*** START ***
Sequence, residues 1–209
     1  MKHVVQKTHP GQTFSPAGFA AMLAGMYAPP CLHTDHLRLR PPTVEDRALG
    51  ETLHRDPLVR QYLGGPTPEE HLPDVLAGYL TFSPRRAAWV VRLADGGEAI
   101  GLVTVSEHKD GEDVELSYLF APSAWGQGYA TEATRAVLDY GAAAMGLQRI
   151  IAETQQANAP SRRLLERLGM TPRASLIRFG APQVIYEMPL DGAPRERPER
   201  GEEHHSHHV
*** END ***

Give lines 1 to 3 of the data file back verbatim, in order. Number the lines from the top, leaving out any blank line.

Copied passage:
Sequence, residues 1–209
     1  MKHVVQKTHP GQTFSPAGFA AMLAGMYAPP CLHTDHLRLR PPTVEDRALG
    51  ETLHRDPLVR QYLGGPTPEE HLPDVLAGYL TFSPRRAAWV VRLADGGEAI